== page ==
Article: Ocean Levels and the Amazon

January 7, 2016: Effect of short term seven year Amazon droughts on Atlantic Ocean Sea Level’s and high Tides along the Southeastern US Seaboard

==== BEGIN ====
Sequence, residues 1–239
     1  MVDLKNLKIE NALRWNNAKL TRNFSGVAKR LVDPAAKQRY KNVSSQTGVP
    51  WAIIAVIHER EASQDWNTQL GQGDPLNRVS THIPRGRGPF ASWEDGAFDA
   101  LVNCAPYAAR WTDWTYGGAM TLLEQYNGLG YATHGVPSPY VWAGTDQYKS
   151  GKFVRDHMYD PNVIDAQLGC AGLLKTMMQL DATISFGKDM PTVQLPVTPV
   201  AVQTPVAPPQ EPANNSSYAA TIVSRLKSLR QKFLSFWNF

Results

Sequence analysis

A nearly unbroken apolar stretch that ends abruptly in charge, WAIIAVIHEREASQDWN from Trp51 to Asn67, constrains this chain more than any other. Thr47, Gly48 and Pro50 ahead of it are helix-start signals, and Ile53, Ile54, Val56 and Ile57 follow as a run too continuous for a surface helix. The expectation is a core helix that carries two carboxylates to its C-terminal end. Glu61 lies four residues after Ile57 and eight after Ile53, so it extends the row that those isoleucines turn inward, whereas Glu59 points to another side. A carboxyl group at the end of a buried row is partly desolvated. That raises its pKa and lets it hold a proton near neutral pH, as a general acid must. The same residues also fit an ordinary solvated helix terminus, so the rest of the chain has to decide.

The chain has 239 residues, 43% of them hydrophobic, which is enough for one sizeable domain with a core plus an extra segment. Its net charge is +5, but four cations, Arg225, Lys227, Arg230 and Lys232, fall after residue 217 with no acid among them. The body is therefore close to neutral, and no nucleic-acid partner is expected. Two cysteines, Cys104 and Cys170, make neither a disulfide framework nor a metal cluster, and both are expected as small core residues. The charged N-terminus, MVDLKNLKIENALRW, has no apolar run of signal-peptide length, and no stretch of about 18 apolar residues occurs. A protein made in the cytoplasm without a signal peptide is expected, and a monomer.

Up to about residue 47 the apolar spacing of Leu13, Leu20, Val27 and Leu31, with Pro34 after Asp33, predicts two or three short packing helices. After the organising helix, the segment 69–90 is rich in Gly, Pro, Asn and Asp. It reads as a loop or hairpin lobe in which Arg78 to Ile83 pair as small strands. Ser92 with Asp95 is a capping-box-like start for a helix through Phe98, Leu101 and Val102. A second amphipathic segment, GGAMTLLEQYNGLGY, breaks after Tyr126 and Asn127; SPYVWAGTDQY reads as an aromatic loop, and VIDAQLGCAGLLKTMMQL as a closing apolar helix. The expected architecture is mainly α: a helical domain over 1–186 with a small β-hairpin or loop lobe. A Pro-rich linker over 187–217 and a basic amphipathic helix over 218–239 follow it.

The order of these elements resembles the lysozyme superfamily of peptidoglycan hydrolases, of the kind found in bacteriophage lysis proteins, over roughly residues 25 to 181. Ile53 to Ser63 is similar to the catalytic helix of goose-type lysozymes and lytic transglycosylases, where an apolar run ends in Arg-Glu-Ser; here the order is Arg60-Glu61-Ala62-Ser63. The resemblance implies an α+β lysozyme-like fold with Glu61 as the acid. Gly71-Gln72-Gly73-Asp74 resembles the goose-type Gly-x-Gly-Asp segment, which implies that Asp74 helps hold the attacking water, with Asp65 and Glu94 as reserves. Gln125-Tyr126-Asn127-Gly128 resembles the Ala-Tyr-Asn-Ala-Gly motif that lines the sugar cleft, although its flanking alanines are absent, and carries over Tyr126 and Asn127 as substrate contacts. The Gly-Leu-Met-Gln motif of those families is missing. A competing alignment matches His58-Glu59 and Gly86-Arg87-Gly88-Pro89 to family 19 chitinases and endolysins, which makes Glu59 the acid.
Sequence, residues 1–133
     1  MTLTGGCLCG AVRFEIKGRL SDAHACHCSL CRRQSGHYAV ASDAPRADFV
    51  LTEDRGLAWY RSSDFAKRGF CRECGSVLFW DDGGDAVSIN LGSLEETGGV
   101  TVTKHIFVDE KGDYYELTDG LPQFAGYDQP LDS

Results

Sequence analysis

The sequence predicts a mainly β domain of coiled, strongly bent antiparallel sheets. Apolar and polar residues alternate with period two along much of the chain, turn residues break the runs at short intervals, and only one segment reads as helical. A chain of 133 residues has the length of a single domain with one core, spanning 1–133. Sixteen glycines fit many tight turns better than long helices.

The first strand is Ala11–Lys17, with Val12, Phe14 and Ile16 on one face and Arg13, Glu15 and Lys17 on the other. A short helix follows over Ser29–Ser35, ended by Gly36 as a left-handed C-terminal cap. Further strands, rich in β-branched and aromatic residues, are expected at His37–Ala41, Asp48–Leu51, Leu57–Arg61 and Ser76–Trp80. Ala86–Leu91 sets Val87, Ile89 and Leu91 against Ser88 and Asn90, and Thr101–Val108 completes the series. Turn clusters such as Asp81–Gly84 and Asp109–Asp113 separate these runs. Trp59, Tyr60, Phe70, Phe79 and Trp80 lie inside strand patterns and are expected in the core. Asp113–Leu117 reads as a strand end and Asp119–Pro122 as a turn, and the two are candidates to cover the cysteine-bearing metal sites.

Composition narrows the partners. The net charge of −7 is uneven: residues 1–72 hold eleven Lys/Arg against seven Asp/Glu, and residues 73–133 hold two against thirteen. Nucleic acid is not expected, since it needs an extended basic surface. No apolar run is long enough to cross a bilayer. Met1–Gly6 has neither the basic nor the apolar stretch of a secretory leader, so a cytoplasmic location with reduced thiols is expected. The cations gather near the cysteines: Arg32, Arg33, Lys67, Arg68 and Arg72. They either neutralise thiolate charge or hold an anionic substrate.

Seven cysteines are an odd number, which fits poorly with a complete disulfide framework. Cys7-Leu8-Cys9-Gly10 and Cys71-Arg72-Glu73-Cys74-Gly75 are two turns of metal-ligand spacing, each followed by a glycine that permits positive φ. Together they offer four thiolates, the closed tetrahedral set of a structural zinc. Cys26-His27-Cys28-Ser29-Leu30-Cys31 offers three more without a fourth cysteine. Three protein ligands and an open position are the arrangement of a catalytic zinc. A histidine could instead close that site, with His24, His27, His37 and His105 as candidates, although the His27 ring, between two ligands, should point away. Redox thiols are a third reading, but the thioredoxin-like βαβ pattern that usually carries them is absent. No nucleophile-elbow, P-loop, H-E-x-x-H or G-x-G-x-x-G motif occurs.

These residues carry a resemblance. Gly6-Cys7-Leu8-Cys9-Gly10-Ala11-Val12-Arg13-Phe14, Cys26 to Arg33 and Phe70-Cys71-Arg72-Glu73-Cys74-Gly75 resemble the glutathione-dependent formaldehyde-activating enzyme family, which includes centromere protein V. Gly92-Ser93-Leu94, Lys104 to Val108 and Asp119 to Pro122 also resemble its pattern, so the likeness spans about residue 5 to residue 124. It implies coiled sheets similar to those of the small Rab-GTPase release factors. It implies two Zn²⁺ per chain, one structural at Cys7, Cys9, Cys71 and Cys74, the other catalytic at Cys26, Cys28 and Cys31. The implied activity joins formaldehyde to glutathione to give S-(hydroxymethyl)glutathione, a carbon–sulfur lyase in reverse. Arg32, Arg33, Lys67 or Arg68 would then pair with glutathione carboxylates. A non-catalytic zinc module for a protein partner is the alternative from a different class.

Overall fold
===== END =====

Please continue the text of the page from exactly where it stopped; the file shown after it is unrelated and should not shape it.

Abstract: Several climate models predict severe rainfall reductions over the Amazon Basin over the next century. Analyzing the current six year reduction of rainfall and drought in the Eastern and Southern Amazon, is the best available means to investigate the effects on the Atlantic Ocean and Tide levels, due to lower rainfall conditions. The hypothesis only focuses on regional data from the eastern Amazon in order to determine the decrease in moisture entering the Amazon from the Atlantic. Further research is necessary to have a full comprehensive review of all regions that border the Amazon Basin, which are the first points of entry for moisture into the Amazon, to determine how much less water has entered and how much has left due to evaportransporation. In addition further data is needed to determine exact flow rates over the last four years to determine how much volume below the normal 209,000 m3/s has entered the Atlantic due to less rainfall. Based on the initial hypothesis and limited sampling data, the effects on the Atlantic Ocean due to short term drought is 1.82 cm to 10.7 cm in ocean rise with a factor of +/-10%.

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